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Arthritis
Volume 2013 (2013), Article ID 762921, 4 pages
http://dx.doi.org/10.1155/2013/762921
Clinical Study

High Frequency of Fibromyalgia in Patients with Psoriatic Arthritis: A Pilot Study

MetroHealth Medical Center, Case Western Reserve University School of Medicine, 2500 MetroHealth Drive, Cleveland, OH 44109, USA

Received 23 July 2012; Revised 6 December 2012; Accepted 16 January 2013

Academic Editor: Jeffrey R. Lisse

Copyright © 2013 Marina N. Magrey et al. This is an open access article distributed under the Creative Commons Attribution License, which permits unrestricted use, distribution, and reproduction in any medium, provided the original work is properly cited.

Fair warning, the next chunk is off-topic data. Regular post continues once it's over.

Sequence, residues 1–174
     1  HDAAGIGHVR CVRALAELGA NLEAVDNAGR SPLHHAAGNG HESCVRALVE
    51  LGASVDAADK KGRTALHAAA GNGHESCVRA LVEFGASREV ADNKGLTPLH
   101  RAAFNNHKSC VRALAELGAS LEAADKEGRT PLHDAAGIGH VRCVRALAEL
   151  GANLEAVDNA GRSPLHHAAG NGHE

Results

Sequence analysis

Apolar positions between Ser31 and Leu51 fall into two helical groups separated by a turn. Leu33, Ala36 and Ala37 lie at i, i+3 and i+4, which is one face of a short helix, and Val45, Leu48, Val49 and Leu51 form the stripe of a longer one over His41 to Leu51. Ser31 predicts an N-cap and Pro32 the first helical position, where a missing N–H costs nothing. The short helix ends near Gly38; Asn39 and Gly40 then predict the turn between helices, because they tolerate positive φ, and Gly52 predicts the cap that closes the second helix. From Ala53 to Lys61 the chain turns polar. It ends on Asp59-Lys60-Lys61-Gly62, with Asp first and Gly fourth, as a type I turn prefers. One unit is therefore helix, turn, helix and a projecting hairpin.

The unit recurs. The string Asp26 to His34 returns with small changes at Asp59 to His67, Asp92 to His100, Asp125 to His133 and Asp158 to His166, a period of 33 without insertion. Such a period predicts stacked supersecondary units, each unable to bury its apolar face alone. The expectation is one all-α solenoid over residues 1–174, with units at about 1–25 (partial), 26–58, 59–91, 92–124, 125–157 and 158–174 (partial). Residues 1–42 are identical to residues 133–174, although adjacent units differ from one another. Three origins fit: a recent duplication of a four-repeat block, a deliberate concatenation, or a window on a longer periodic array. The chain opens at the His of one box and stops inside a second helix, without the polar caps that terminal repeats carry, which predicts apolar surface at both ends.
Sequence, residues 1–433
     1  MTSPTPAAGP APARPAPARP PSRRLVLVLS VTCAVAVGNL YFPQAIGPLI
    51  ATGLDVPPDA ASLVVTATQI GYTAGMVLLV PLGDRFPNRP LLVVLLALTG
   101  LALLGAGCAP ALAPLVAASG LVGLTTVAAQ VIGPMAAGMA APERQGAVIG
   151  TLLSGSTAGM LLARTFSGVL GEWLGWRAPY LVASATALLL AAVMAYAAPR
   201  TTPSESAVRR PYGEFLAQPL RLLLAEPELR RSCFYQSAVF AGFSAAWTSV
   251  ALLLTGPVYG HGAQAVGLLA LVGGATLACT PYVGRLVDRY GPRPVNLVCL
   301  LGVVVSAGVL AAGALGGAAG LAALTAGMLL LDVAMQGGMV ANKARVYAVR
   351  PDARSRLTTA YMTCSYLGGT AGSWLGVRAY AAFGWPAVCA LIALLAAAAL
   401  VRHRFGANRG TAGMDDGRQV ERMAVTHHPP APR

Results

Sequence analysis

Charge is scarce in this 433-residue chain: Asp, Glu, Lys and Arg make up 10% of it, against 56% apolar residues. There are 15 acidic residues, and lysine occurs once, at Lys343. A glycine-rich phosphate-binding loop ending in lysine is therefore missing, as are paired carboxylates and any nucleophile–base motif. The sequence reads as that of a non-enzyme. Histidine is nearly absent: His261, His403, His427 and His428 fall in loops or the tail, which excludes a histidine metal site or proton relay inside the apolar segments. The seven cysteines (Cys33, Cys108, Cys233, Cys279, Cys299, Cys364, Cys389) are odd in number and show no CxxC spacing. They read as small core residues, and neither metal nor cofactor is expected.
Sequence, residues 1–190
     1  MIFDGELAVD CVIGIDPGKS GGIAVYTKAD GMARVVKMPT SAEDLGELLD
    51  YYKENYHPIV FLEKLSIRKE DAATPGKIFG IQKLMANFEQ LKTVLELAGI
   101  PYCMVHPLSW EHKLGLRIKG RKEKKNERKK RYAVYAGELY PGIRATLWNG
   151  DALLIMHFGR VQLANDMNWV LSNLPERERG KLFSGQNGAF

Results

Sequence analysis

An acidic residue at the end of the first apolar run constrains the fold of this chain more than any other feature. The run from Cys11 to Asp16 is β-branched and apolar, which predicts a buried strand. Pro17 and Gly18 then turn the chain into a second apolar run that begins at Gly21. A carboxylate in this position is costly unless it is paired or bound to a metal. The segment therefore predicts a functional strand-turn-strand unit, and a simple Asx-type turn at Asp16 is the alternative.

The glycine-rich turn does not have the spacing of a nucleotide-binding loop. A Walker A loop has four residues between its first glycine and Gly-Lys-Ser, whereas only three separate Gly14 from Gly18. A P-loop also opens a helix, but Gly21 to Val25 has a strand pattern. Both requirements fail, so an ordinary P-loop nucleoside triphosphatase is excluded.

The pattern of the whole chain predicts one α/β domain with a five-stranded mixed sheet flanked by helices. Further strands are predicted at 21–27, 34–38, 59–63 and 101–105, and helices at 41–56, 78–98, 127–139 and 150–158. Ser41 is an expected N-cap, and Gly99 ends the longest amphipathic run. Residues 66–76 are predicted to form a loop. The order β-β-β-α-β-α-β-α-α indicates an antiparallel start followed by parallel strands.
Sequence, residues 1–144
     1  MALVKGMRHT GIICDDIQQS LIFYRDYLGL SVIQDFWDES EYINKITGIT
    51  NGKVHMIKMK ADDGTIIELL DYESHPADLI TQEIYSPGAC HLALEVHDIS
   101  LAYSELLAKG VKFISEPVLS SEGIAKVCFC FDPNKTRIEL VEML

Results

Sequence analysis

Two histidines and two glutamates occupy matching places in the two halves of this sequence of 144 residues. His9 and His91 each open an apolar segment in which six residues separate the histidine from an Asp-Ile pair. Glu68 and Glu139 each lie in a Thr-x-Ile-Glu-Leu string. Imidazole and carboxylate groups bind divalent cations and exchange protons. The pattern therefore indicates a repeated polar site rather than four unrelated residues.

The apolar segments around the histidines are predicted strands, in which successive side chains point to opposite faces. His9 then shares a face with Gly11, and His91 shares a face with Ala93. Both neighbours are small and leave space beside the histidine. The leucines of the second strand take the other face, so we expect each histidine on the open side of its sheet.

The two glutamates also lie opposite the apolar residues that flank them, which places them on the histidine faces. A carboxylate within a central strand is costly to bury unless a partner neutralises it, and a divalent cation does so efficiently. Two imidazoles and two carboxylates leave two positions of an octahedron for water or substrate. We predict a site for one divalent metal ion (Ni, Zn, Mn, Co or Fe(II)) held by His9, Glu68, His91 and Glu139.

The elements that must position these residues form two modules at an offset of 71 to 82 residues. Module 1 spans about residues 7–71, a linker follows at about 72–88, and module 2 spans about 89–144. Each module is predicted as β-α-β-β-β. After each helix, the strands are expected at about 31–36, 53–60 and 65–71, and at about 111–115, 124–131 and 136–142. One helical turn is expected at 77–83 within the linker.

Abstract

Background. Widespread pain from fibromyalgia syndrome (FMS) is observed in patients with psoriatic arthritis (PsA). We hypothesized that there is increased frequency of FMS in patients with PsA that contributes to fatigue and pain. Method. We prospectively enrolled patients with PsA based on the Classification criteria for Psoriatic Arthritis and healthy subjects were used as controls. The frequency of FMS was determined using London Fibromyalgia Epidemiologic Study Screening Questionnaire (LFESSQ) and Symptoms Intensity scale (SIs). Results. 34 PsA patients and 44 controls fulfilled the inclusion criteria. Median age of PsA patients was 52 years with 53.33% females. Median age of controls was 50.5 years with 59% females. FMS was present in 53.33% of PsA patients compared to 4.54% of the controls ( ), based on LFESSQ. 37.50% of PsA had FMS compared to 6.66% of controls ( ) based on SIs. There was a significant correlation between LFESSQ and SIs in the psoriatic group ( ). 76.66% of PsA patients complained of fatigue compared to 40.90% of controls, but the mean fatigue score between the two groups was comparable (5.03 versus 5.18). Conclusion. FMS-associated pain and fatigue are significantly more frequent in patients with PsA compared to controls.